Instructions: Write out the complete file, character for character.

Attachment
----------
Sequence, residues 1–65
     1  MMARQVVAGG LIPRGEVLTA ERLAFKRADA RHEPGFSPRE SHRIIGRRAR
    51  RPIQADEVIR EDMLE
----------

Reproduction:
Sequence, residues 1–65
     1  MMARQVVAGG LIPRGEVLTA ERLAFKRADA RHEPGFSPRE SHRIIGRRAR
    51  RPIQADEVIR EDMLE